Top 100 Songs Pt. I (100-68)
Part one of three of the year’s best songs, listen with caution, it’s all good but it’s not all safe.
99. “Froze” by Meek Mill (feat. Lil Uzi Vert & Nicki Minaj)
98. “Reup & Bake” by Cousin Stizz
97. “Higher” by Carly Rae Jepsen
96. “Goldman’s Detective Agency” by Martha
95. “Kanye West” by Young Thug (feat. Wyclef Jean)
Who would have thought that unintelligible mumbling could be so bubbly and catchy? Young Thug might be saying words during the chorus of “Kanye West”, I’m not entirely sure. All I know is that he’s created this brilliant evocation of drunken stumbling in the most charming way. Wyclef is also a great addition here adding sincere Wyclef-isms to the background of this ode to Yeezus.
94. “Ride Out” by ScHoolboy Q (feat. Vince Staples)
93. “22 (OVER Soon)” by Bon Iver
92. “Never Be Mine” by Angel Olsen
91. “You” by Slingshot Dakota
90. “The One” by Carly Rae Jepsen
Carly Rae continues to be the best songwriter in pop music, releasing an EP of B-sides from last years Emotion that are better than pretty much anything else in the genre. Pop QUEEN.
89. “Seven Rings” by Future
88. “Wasted On You” by Bleached
Pure bubblegum pop-punk that would be a perfect fit both at a crowded punk show and on the soundtrack of some 00’s Disney Channel Original film.
87. “Black Beatles” by Rae Sremmurd (feat. Gucci Mane)
I talked about this in the Top 10 Pop Hits of the year list, check it out.
86. “Do You Need My Love” by Weyes Blood
85. “untitled 07” by Kendrick Lamar
The three-minute (or s0) music interlude at the end is probably best exemplifies why this song was left on Kendrick’s overflow of ideas that made up untitled.unmastered (not featured on the video above), but that kid’s choir singing about Compton is just so epic.
84. “Rough Going (I Won’t Let Up)” by Hamilton Leithauser + Rostam
Now I love me some doo-wop, but if you told me that the singer of The Walkmen and the songwriter from Vampire Weekend would come together to make a really good straight forward rock record that included a solid song that was influenced by doo-wop, I wouldn’t have believed you. But–here we are.
83. “Ice Cream and Sunscreen” by Martha
82. “Hi Roller” by Lil Uzi Vert
81. “(Joe Gets Kicked out of School for Using) Drugs with Friends [But Says This Isn’t a Problem]” by Car Seat Headrest
80. “Adore” by Savages
This song takes the perspective of one who has acknowledged the world as a place filled with troubles, leading them to come to an existentialist crisis of sorts, but rather than questioning whether there is any value in the world, they question the perspective of the world as a bad place. It’s a nihilist anthem that is somehow filled with hope. Vocally Jenny Beth sings this track with a world-dreary tone, but allows glimmers of hope to echo throughout each word she says. The end of song repeats “I adore life” in an almost disturbing declaration of good in the world.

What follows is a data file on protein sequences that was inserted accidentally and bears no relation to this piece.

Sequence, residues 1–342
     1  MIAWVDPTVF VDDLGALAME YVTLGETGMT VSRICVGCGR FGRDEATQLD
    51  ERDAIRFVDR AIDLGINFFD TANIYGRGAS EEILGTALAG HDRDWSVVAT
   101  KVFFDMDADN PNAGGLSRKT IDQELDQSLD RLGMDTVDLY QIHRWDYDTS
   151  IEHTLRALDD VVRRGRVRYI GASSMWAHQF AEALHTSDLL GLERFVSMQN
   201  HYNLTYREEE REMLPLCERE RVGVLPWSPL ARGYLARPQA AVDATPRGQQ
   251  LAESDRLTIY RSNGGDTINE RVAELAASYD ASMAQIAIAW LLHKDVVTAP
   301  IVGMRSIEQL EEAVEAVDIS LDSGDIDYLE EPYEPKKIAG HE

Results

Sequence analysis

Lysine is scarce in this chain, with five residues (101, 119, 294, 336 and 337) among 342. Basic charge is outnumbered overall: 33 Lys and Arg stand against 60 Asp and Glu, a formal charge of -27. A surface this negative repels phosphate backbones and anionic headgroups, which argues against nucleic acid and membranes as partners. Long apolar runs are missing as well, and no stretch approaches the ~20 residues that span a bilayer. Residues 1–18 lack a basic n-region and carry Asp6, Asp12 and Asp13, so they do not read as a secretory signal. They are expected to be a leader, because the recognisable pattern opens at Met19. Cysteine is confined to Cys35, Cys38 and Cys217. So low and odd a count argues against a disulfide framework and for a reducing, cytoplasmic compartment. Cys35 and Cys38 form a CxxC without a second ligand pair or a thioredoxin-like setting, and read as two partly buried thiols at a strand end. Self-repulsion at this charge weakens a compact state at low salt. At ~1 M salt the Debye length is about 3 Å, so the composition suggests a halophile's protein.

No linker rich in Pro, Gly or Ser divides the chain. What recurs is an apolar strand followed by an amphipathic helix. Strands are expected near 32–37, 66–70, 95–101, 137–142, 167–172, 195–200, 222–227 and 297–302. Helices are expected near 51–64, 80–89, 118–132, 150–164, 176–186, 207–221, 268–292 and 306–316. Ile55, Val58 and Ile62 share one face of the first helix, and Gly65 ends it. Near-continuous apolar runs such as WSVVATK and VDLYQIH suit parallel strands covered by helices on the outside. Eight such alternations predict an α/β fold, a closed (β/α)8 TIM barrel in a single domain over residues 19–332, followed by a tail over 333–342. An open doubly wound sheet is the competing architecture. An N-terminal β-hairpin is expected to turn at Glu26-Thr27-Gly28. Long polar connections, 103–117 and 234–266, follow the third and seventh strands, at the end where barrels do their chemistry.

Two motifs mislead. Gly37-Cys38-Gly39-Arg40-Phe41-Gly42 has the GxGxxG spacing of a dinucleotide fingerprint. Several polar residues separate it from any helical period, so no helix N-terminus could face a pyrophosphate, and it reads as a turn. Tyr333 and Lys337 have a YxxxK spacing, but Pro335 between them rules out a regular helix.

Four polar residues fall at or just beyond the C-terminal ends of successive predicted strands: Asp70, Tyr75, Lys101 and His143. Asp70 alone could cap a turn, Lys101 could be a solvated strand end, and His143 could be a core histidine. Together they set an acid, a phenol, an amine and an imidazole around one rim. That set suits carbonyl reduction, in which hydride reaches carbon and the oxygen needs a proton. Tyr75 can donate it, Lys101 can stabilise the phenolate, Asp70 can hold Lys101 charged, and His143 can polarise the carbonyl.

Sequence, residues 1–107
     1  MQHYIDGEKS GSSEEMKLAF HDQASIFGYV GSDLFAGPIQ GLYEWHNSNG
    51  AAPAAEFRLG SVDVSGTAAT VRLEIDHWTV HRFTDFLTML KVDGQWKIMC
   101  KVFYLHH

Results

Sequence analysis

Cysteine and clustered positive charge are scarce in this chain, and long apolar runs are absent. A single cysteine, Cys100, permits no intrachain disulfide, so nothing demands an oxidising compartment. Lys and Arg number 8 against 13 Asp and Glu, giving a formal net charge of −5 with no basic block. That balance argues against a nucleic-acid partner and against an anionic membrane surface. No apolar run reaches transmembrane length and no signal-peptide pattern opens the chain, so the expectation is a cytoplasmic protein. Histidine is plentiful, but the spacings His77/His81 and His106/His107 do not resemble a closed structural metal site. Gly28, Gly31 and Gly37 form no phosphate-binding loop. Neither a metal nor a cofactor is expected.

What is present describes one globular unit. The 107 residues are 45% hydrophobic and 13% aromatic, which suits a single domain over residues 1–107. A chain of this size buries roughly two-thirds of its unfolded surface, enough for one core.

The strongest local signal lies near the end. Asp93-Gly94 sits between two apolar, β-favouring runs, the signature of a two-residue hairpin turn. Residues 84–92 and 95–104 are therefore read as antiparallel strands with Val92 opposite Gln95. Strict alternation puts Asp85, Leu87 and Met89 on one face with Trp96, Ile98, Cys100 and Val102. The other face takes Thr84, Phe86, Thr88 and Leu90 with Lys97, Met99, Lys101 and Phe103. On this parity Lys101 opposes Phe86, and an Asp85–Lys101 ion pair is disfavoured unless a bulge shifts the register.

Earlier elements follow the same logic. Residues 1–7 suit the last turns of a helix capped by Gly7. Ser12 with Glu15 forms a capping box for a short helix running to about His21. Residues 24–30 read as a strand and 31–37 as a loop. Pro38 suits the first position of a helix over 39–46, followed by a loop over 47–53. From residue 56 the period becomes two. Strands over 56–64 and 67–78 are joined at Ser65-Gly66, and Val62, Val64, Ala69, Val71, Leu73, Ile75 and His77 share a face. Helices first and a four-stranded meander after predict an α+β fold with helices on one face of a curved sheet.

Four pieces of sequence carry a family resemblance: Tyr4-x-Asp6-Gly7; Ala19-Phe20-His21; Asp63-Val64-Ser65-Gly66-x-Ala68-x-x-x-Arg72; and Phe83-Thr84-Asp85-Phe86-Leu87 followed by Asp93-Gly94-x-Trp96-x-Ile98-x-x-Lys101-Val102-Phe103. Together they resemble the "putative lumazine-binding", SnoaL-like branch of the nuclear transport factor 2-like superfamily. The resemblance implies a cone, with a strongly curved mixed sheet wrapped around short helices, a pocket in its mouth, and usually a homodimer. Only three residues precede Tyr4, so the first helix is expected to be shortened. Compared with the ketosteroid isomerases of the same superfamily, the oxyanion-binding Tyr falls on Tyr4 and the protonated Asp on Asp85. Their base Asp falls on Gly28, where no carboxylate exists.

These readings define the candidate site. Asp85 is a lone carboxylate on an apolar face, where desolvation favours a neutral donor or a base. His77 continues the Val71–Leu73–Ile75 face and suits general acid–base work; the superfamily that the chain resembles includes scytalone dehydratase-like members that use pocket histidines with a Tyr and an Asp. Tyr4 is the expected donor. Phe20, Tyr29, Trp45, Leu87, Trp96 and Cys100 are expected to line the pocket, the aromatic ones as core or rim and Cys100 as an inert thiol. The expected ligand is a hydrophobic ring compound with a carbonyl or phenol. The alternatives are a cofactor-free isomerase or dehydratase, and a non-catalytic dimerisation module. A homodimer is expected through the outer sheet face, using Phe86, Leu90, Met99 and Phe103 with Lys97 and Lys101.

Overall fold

79. “Whateva Will Be” by A Tribe Called Quest
I need to spend more time with this record to truly discover what songs are the real highlights, but at this point in time this one feels the most complete–capturing that Tribe vibe whilst fitting perfectly into a modern landscape.
78. “Copy/Paste” by Sioux Falls
77. “See the Love” by The Brilliance
While art is probably at its best when it’s speaking truth to discomfort us in some way, this song is a calming jolt of joy that is absolutely necessary.
76. “Hocus Pocus” by Animal Collective
75. “Stairs” by Joyce Manor
74. “Girl Loves Me” by David Bowie
73. “All We Got” by Chance the Rapper (feat. Kanye West)
72. “Drone Bomb Me” by ANOHNI
71. “Hidden Driver” by LVL UP
This song is pure and unashamedly a rip-off of Neutral Milk Hotel, but LVL UP pulls it off so wonderfully that it fits alongside the brilliance of Aeroplane more than it feels like a tribute song.
70. “In Heaven” by Japanese Breakfast
69. “FML” by Kanye West (feat. The Weeknd)
68. “Aaja” by Swet Shop Boys (feat. Ali Sethi)
There are a lot of great songs on the Swet Shop Boys debut album and while much of the album is influenced both musically and lyrically by the respective Eastern cultures of Heems and MC Riz, never does it shine as bright as in “Aaja”–a delightful dancy track that uses a classic Bollywood chorus to reference modern romance.